Day at the Office: I’m Optimizing UX with SPEECH

Note: Say the title of this post in the same way as you would  “She Blinded Me With Science”


The Problem

The customer has a screen, which is used for data entry.  The source of the entry is various pieces of papers with scribbles on them.  On observing the person doing the data entry, what I saw was:

  • Look at paper to see WHO it was for
  • Look at screen to find the same.  Usually its the next one in order
  • Switch to Mouse
  • Click once to select the who
  • Click to select the thingies inside the who
  • Click the button to start the data entry for the who
  • Look at paper
  • Find the number
  • Switch to keyboard
  • Type in the number
  • Look at screen
  • Verify number
  • Press Enter to save
  • Look at paper
  • Move Hands to Paper
  • Mark Paper as done.
  • Move Paper Aside
  • Look at next paper.

Ouch.  We could do better.

Our (Final) Proposed Solution

I think its pretty cool, I don’t know yet if the user(s) will adopt it, but this is what we came up with.

  • User can keep right hand on numeric keypad, and arrow up to the first entry.  (they sort paper and computer entries to match beforehand)
  • Numeric / (on the keypad) starts entering for the currently highlighted row (even if it not yet selected)
  • As the data entry screen opens, the computer “speaks” the relevant info about what is being entered.  This is so the user can keep eyes on paper, while listening to verify that the right row was selected
  • Still keeping eyes on paper, user can type in the numbers on the keypad, and then press numeric + (on the keypad) to “speak” the numbers that were entered, for verification, if they want.
  • In case the user wants to look at the computer screen, we also made the window bigger, text larger, and used color to highlight the various corroborating pieces of information.
  • If all is good, user hits enter on the numeric keypad to save, and now the next row is highlighted.


This is well and good, except, this is what happened in testing:

  • /  34.5 +  <enter> / 45 <enter>
  • When the user got to the second /, the hotkey did not fire.

I spent many hours trying to figure this one out.  Its complicated, I still don’t know the full answer, but it has to do with a DockedWindow, a control suite, a Busy indicator,  a Ribbon suite, sub-ribbons, and document panels, and when the modal popup went away, focus did not return to the correct window.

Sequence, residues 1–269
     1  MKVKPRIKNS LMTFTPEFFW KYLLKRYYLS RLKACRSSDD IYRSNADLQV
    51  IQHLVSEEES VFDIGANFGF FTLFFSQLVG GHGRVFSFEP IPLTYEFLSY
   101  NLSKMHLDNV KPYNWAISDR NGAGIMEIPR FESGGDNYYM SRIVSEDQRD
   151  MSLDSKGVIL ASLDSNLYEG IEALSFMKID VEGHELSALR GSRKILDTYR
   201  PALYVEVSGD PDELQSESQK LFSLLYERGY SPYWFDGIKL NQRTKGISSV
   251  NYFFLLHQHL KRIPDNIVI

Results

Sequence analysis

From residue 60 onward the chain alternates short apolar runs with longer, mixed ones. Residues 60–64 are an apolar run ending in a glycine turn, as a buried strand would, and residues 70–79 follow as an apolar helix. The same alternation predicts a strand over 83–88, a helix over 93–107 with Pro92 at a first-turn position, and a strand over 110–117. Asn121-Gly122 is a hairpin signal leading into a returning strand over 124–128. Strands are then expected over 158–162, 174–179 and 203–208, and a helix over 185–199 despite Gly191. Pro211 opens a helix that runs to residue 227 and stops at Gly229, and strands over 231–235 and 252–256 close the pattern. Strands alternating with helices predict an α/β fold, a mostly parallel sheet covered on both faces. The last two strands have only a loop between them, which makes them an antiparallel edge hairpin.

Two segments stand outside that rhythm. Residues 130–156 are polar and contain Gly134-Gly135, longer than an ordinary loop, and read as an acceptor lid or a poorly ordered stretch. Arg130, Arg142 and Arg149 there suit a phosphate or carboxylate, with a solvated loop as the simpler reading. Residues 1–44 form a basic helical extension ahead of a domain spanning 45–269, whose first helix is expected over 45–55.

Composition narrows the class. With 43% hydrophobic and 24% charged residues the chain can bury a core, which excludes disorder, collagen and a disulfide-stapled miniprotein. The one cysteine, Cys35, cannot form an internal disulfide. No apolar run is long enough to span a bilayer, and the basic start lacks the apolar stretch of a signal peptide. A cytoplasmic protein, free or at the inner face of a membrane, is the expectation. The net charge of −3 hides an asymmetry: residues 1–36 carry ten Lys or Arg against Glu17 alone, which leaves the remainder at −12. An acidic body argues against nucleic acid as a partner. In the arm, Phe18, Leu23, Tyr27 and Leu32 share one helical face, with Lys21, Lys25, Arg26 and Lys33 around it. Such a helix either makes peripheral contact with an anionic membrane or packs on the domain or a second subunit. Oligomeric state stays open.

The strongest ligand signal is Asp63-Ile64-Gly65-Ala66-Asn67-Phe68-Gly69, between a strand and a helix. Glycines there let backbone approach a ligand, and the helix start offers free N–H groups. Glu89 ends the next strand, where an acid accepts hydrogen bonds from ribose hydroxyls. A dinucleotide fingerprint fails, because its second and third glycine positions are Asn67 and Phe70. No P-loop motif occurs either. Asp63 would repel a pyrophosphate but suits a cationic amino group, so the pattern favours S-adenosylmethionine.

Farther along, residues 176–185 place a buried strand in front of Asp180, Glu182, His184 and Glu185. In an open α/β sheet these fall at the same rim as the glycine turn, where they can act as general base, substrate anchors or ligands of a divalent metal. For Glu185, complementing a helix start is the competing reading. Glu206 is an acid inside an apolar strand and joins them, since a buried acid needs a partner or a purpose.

Bottom Line: all my attempts to set focus were ignored.  Seriously.  I even bound a hotkey at the Shell level (the whole application) “F10” to fire code that should set the focus back to the correct window.. and.. nothing.

This problem also extended to any window.   Any window, when it first came up, did not have focus, so any hotkeys bound inside that window, would not fire.   Till it was clicked in.  Then it was okay. 

Hacked Solution

I could still capture hotkeys via the Shell, so this is what I did:

  • Shell catches PreviewKeyDown
  • Shell looks at current active docked window (since it hosts the dock control, this is easy)
  • If current active window implements IReallyWantKeyDownStuff, then call the YoHeresAKeyForYou(). (Names changed because i don’t have intellisense writing at home, but you get the idea).
  • My window receives this, and if it was Numeric/, then it fires the button that starts the data entry process

I used the same code to also wire some other hotkeys for some other screens.

Office Visit Still Needed

I hope to (soon) visit my client’s office in person, and sit down with the folks who would use this “enhancement”, and show them what I had thought.   As someone once told me, I have to be careful how many strings I have attached to this:  I have to be okay with them taking my awesome idea and putting it in the trash.  No strings attached.  So I’m blogging about its coolness now, in case its a flop, because right now, I think its pretty cool.

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